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Dammhahn M.,Deutsches Primatenzentrum GmbH DPZ | Kappeler P.M.,Deutsches Primatenzentrum GmbH DPZ | Kappeler P.M.,University of Gottingen
American Journal of Physical Anthropology | Year: 2014

Understanding the mechanisms maintaining local species richness is a major topic in tropical ecology. In ecological communities of Madagascar, primates represent a major part of mammalian diversity and, thus, are a suitable taxon to study these mechanisms. Previous research suggested that ecological niche differentiation facilitates the coexistence of lemurs. However, detailed data on all species making up diverse local primate assemblages is rarely available, hampering community-wide tests of niche differentiation among Malagasy mammals. Here, we took an indirect approach and used stable isotopes as long-term indicators of individuals' diets to answer the question of whether trophic patterns and food-related mechanisms stabilize coexistence in a species-rich lemur community. We analyzed stable carbon and nitrogen isotopes in hair collected from eight syntopic lemurs in Kirindy Forest. We found that lemur species were well separated into trophic niches and ranged over two trophic levels. Furthermore, species were densely packed in isotopic space suggesting that past competitive interactions between species are a major structuring force of this dry forest lemur community. Results of other comparative studies on primates and our findings underline that - in contrast to communities worldwide - the structure and composition of lemur communities follow predictions of ecological niche theory. Patterns of competitive interactions might be more clearly revealed in Malagasy primate communities than elsewhere because lemurs represent a large fraction of ecologically interacting species in these communities. The pronounced trophic niche differentiation among lemurs is most likely due to intense competition in the past as is characteristic for adaptive radiations. © 2013 Wiley Periodicals, Inc. Source

Dammhahn M.,Deutsches Primatenzentrum GmbH DPZ | Kappeler P.M.,Deutsches Primatenzentrum GmbH DPZ | Kappeler P.M.,University of Gottingen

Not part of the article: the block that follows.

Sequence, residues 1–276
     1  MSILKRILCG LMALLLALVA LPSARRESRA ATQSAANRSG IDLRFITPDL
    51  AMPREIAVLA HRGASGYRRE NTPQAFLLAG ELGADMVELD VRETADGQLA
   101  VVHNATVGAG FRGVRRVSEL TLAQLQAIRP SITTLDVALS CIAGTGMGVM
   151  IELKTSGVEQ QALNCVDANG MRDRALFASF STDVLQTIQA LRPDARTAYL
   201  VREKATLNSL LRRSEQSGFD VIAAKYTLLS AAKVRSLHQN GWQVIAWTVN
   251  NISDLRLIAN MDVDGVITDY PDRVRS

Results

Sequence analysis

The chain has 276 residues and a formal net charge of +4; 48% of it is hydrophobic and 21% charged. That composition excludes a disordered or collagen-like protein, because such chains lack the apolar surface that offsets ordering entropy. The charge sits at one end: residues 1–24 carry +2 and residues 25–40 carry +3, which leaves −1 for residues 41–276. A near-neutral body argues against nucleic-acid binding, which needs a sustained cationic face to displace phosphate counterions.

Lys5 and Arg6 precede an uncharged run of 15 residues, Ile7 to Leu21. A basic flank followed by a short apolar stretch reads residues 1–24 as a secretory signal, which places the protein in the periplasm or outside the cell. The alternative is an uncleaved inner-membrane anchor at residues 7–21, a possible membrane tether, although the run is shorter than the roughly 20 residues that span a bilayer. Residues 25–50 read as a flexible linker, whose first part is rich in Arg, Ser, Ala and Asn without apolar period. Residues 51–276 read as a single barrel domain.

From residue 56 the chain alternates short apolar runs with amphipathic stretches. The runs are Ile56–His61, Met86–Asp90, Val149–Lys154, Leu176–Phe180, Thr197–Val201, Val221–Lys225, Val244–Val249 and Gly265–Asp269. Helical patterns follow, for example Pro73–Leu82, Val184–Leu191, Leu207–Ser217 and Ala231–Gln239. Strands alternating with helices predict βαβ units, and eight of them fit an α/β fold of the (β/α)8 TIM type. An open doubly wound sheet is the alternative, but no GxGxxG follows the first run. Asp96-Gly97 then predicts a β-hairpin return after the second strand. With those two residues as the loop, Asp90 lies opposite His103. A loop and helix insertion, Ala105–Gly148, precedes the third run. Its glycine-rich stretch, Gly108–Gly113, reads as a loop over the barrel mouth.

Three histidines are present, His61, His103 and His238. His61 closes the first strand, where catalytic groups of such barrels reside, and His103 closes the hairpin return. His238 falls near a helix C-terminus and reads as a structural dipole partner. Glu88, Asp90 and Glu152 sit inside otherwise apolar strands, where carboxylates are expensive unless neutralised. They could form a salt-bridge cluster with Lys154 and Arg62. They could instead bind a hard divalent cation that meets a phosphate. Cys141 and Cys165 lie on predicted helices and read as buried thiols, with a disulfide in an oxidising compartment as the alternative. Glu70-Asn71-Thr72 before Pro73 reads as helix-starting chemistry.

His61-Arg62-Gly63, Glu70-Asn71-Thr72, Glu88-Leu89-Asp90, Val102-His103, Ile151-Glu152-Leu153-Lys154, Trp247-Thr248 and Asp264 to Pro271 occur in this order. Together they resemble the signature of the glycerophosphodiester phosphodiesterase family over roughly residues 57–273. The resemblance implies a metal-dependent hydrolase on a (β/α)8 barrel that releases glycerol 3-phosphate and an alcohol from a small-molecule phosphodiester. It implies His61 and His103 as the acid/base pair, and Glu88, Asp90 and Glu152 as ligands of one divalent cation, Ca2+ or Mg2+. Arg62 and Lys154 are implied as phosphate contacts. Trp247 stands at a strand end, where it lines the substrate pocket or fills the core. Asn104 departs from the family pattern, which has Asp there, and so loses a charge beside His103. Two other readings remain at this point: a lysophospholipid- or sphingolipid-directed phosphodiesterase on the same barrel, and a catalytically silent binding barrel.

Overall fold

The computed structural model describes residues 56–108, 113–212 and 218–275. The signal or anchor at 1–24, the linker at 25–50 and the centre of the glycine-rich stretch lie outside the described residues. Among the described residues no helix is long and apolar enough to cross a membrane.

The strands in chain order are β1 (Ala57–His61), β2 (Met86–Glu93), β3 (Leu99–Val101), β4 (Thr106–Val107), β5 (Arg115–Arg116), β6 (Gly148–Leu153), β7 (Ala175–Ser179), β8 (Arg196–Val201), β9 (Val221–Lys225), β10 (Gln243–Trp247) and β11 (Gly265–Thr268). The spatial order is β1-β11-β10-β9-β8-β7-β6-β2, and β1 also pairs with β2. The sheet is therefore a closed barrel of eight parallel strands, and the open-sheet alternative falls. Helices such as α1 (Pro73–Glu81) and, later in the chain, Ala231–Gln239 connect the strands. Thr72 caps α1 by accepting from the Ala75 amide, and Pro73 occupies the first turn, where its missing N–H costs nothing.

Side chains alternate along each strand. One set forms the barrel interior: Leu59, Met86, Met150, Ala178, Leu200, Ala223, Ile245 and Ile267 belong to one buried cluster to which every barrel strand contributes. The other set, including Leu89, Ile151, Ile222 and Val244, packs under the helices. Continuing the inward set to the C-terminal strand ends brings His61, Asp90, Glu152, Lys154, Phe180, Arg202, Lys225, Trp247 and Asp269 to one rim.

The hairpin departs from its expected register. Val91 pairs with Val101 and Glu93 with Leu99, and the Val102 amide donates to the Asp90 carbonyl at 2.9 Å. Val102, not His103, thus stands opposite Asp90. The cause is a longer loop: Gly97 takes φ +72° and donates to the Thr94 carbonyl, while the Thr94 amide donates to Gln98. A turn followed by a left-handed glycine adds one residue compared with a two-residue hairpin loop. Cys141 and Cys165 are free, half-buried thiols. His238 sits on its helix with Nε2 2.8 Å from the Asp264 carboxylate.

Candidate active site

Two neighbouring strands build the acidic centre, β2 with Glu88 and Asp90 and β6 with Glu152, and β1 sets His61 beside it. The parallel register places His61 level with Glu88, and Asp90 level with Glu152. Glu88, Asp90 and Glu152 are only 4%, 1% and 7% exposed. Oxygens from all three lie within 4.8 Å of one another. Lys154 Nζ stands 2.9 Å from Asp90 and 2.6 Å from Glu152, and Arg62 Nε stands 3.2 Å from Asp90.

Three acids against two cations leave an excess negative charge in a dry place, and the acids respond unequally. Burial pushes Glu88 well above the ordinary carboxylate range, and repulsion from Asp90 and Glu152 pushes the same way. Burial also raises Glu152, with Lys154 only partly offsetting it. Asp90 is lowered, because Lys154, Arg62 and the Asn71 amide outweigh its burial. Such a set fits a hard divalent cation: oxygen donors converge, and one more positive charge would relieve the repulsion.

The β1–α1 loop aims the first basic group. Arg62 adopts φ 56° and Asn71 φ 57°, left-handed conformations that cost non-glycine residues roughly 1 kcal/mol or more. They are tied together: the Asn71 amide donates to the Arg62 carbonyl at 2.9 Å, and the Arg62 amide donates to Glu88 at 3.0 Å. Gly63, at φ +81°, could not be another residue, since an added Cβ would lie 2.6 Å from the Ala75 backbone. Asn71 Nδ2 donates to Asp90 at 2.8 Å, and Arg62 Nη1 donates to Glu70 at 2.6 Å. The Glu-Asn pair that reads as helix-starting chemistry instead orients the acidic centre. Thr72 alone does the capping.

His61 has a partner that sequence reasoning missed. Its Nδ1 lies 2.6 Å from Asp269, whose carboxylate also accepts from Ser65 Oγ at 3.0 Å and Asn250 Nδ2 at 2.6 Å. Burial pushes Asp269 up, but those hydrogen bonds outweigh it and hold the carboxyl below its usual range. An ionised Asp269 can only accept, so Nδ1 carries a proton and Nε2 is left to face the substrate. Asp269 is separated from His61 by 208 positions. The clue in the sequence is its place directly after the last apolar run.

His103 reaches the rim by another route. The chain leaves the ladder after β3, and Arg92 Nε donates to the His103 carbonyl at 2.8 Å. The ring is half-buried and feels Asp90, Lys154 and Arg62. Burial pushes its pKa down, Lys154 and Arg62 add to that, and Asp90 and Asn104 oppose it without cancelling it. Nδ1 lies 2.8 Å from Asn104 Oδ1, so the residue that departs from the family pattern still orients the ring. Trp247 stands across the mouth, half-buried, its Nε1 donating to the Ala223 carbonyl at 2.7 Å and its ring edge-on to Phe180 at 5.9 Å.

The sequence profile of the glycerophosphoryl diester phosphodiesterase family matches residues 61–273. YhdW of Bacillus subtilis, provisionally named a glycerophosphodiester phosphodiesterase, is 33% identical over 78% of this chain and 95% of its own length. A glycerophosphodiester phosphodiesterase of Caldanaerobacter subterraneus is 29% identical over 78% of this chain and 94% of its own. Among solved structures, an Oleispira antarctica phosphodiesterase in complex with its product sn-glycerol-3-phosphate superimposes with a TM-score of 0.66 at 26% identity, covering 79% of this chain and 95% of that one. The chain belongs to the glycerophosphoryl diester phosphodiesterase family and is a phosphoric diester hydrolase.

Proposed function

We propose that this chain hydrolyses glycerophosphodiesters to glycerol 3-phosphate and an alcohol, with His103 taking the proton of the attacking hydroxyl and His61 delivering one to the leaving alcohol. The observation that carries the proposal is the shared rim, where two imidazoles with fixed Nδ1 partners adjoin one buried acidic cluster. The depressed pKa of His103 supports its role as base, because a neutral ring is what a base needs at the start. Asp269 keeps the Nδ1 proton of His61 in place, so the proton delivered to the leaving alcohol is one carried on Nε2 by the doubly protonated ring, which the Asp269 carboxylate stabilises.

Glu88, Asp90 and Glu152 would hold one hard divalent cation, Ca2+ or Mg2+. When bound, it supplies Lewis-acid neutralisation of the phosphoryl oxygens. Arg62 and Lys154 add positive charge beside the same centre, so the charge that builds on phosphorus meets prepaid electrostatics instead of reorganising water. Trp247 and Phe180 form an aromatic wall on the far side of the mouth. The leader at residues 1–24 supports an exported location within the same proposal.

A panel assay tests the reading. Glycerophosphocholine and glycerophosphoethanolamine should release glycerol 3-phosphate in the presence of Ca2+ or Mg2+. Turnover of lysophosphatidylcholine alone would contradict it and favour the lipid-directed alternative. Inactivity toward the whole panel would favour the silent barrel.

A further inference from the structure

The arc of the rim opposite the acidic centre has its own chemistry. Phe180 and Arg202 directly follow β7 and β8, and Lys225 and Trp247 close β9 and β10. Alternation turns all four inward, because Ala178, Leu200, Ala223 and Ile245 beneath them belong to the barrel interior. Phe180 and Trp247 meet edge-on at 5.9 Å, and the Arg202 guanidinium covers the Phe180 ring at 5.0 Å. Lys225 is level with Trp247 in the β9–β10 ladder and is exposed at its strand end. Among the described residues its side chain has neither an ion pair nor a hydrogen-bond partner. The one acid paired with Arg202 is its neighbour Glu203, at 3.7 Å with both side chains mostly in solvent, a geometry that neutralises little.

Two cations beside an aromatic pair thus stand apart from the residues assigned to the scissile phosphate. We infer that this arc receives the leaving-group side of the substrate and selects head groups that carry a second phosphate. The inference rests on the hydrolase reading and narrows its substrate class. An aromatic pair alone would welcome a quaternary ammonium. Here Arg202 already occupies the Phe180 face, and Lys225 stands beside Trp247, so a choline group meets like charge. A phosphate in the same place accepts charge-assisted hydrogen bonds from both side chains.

American Journal of Physical Anthropology | Year: 2010

The relationships between resource distribution, type of competition, and consequences for social organization have been formalized in the socioecological model (SEM) which predicts that ecological factors are the main determinants of female distribution. We tested this basic prediction in two solitary primates (Microcebus berthae and M. murinus) which differ in female association patterns. Using stable nitrogen and carbon isotope data of hair samples and food sources we quantified inter-specific differences in diet. δ13C in M. berthae reflected a diet composed mainly of insect secretions. Higher within-species as well as seasonal variation in δ13C of M. murinus indicated a wider trophic niche including plant and animal source food. Constantly elevated δ15N in M. murinus most likely reflected extended torpor during the lean season. This energy-saving strategy together with a wider, more opportunistic feeding niche might reduce female competition in this species, facilitating smaller female ranges, and a higher association potential. In contrast, δ15N fluctuated seasonally in M. berthae, most likely indicating varying amounts of arthropod food in the diet. Intense scramble competition over small and seasonally limited resources might lead to female spatial avoidance and a reduced association potential in M. berthae. Thus, differences in female association patterns between these two solitary foragers are due to different types of competition and overall intensities of intra-specific competition. © 2009 Wiley-Liss, Inc. Source

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